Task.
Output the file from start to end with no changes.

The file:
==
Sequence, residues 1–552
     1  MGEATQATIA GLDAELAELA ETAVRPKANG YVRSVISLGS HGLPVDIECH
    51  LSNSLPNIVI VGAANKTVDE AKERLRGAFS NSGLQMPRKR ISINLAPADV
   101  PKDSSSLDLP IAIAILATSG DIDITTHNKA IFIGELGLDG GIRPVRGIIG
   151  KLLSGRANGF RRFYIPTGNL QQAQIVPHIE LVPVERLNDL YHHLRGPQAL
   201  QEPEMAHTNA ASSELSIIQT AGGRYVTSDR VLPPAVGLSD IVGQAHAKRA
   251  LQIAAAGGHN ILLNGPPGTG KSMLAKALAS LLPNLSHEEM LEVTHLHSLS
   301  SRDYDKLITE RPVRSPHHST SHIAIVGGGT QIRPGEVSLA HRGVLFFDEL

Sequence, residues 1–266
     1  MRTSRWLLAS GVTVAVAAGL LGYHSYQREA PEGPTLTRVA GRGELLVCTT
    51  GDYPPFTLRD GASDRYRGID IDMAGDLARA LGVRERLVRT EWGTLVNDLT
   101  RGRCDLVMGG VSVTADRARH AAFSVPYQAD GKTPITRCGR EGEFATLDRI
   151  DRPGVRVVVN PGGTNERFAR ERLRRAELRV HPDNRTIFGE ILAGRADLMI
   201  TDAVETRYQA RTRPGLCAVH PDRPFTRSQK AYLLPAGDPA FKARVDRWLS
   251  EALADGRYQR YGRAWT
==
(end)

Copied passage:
Sequence, residues 1–552
     1  MGEATQATIA GLDAELAELA ETAVRPKANG YVRSVISLGS HGLPVDIECH
    51  LSNSLPNIVI VGAANKTVDE AKERLRGAFS NSGLQMPRKR ISINLAPADV
   101  PKDSSSLDLP IAIAILATSG DIDITTHNKA IFIGELGLDG GIRPVRGIIG
   151  KLLSGRANGF RRFYIPTGNL QQAQIVPHIE LVPVERLNDL YHHLRGPQAL
   201  QEPEMAHTNA ASSELSIIQT AGGRYVTSDR VLPPAVGLSD IVGQAHAKRA
   251  LQIAAAGGHN ILLNGPPGTG KSMLAKALAS LLPNLSHEEM LEVTHLHSLS
   301  SRDYDKLITE RPVRSPHHST SHIAIVGGGT QIRPGEVSLA HRGVLFFDEL

Sequence, residues 1–266
     1  MRTSRWLLAS GVTVAVAAGL LGYHSYQREA PEGPTLTRVA GRGELLVCTT
    51  GDYPPFTLRD GASDRYRGID IDMAGDLARA LGVRERLVRT EWGTLVNDLT
   101  RGRCDLVMGG VSVTADRARH AAFSVPYQAD GKTPITRCGR EGEFATLDRI
   151  DRPGVRVVVN PGGTNERFAR ERLRRAELRV HPDNRTIFGE ILAGRADLMI
   201  TDAVETRYQA RTRPGLCAVH PDRPFTRSQK AYLLPAGDPA FKARVDRWLS
   251  EALADGRYQR YGRAWT